Denzel does 'Death Wish' in this ultraviolent, mostly unsatisfying update of the cult '80s TV series.
Denzel Washington balances the scales of justice — and challenges Liam Neeson for a slice of the middle-aged action-hero pie — in “The Equalizer,” an ultraviolent update of the 1985-89 CBS drama series that featured Edward Woodward as a former government agent turned pro-bono avenging angel. But in making the leap from small screen to large, and from pre-Giuliani New York to post-recession Boston, director Antoine Fuqua and writer Richard Wenk (“16 Blocks”) have also traded the series’ elemental underdog appeal for a “Taken”-style bloodbath that pits Washington against a surfeit of central-casting Russian gangsters and corrupt Beantown cops. Ponderously overlong and not even half as much fun as it should have been, “The Equalizer” still gets a lot of mileage out of Washington’s unassailable star presence, which should translate to solid if not spectacular returns upon the pic’s Sept. 26 release.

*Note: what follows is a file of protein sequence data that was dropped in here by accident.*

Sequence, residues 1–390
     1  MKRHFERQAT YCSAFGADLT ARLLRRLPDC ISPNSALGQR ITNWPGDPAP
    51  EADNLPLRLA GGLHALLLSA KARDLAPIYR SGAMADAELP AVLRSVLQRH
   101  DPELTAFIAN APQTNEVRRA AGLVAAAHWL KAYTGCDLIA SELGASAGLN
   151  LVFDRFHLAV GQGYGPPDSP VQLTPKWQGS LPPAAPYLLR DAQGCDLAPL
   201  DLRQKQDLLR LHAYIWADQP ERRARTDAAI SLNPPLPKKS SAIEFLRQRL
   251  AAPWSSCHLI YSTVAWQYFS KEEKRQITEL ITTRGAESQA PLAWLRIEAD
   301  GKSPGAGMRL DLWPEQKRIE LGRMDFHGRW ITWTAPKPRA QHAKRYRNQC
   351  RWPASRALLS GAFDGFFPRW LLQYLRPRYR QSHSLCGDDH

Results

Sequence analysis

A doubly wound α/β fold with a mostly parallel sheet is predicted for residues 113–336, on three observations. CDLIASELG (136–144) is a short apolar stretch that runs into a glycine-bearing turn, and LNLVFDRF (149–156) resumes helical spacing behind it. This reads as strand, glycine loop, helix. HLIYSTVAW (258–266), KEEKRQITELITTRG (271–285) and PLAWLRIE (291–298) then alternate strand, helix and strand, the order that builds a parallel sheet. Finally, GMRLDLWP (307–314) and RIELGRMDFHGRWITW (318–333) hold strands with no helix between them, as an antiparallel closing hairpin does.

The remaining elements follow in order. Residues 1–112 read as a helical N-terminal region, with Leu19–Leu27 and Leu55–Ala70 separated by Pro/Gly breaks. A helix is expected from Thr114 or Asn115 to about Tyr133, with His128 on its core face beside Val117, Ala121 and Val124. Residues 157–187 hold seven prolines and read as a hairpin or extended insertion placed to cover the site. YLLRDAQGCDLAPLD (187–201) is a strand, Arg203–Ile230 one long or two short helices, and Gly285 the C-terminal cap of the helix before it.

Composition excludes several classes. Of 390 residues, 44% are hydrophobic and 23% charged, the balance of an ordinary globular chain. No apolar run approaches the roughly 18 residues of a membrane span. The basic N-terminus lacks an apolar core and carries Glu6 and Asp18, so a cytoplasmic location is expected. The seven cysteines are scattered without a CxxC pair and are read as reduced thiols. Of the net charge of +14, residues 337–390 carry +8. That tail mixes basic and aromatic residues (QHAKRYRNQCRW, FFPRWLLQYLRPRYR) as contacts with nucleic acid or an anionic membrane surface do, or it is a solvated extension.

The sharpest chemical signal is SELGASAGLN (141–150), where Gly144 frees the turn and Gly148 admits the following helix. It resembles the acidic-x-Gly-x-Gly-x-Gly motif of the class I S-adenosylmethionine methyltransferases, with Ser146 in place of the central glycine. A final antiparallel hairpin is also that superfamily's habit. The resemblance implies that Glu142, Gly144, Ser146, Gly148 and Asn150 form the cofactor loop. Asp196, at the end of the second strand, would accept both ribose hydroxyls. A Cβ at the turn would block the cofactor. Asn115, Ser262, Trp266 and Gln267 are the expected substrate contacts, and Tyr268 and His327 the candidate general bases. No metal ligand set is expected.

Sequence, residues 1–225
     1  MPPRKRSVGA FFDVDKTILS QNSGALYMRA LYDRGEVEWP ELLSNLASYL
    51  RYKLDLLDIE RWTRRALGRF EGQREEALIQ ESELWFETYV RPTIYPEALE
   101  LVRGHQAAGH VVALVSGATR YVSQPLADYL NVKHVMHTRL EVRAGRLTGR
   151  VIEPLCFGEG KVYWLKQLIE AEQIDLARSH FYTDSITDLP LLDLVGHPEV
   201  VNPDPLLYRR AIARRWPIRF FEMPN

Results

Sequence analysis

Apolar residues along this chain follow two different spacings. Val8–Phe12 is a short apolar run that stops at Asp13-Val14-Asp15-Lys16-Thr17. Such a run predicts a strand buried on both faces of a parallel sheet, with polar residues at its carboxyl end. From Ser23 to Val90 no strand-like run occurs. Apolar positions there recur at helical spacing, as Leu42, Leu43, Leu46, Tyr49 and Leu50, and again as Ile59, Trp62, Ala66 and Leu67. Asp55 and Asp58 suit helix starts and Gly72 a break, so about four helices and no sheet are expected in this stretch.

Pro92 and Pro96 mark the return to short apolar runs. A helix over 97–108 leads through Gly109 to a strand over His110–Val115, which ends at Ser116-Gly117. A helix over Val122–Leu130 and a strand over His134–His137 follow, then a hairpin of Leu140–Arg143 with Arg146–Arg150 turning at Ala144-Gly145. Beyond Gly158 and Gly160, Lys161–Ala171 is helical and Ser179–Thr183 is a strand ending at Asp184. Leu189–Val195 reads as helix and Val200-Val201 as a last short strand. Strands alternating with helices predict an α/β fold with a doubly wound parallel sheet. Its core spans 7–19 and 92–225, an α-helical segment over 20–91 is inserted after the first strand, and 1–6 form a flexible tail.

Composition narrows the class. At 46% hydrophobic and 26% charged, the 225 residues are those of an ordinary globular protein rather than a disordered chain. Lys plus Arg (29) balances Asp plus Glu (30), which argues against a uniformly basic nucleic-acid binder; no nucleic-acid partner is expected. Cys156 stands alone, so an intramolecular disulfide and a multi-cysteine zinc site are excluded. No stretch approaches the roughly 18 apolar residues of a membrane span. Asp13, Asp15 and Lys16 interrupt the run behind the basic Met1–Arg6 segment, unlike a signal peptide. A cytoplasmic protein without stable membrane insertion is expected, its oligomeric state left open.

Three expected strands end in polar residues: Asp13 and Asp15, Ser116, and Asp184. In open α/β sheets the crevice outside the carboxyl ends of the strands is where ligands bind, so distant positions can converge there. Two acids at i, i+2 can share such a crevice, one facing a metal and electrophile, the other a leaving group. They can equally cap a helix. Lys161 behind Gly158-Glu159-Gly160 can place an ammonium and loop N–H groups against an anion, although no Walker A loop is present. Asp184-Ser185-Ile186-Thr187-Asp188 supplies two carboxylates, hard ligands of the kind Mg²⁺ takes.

Although he shares a character name and skill set with his TV predecessor, Washington’s Robert McCall is otherwise, literally and figuratively, an Equalizer of a different color: a childless widower (instead of a divorcee with an estranged son) who takes public transit (rather than tooling around in a sleek black Jaguar) and maintains his anonymity by working as a sales associate at a Home Depot-type superstore (in lieu of advertising his special services in the classified ads). In an odd flourish that at times makes Fuqua’s film feel like a cross between “Death Wish” and “Reading Rainbow,” this McCall is also a passionate bookworm, who spends his long, lonely nights leafing through Hemingway and Cervantes in one of those retro, backlot diners where everybody knows your name — especially Teri (Chloe Grace Moretz), the gold-hearted Russian hooker with recording-artist dreams, who makes small talk with McCall whenever she isn’t being roughed-up by her thuggish pimp.
When a battered Teri ends up in the hospital clinging to life, something long dormant in McCall begins to stir, though by this point we’re already more than 30 minutes into “The Equalizer” — an overly generous assumption of how long the audience for this kind of movie is willing to wait for the ass-whooping to begin. That’s doubly true when what we get instead is a protracted setup emphasizing McCall’s camaraderie with his fellow stock boys and cashiers, including a jovial, overweight aspiring security guard (Johnny Skourtis) whom McCall puts through the paces of a vigorous diet and exercise regimen.